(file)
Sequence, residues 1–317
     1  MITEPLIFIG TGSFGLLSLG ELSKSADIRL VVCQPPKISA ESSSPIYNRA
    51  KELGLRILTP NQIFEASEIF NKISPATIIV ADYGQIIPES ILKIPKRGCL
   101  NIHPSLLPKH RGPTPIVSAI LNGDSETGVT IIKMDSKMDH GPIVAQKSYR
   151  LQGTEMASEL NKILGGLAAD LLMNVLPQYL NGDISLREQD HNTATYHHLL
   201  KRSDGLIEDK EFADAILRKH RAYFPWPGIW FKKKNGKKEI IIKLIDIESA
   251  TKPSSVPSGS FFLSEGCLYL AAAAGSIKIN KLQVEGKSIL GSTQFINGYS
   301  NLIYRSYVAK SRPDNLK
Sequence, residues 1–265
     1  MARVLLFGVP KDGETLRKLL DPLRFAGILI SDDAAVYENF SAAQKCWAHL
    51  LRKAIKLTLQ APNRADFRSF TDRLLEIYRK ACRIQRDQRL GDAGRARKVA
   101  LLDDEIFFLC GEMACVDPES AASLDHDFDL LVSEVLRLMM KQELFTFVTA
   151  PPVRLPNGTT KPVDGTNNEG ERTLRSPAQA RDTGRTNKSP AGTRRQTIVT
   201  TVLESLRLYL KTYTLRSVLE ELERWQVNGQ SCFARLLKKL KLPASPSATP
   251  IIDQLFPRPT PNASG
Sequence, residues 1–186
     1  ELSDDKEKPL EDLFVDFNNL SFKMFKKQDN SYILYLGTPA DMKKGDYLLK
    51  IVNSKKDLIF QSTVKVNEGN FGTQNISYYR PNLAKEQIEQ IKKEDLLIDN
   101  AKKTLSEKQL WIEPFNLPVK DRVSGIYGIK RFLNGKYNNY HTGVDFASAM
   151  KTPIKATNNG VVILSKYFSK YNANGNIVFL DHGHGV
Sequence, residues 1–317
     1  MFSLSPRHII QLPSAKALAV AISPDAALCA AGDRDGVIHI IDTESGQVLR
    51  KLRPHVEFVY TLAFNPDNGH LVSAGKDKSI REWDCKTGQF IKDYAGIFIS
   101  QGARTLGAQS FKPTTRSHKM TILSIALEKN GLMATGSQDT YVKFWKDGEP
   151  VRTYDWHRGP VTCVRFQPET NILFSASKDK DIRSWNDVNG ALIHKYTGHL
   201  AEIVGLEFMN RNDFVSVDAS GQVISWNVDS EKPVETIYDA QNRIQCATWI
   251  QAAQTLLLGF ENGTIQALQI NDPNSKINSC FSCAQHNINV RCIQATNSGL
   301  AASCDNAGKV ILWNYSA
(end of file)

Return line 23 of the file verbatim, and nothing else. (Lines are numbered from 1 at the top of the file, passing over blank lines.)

    51  KLRPHVEFVY TLAFNPDNGH LVSAGKDKSI REWDCKTGQF IKDYAGIFIS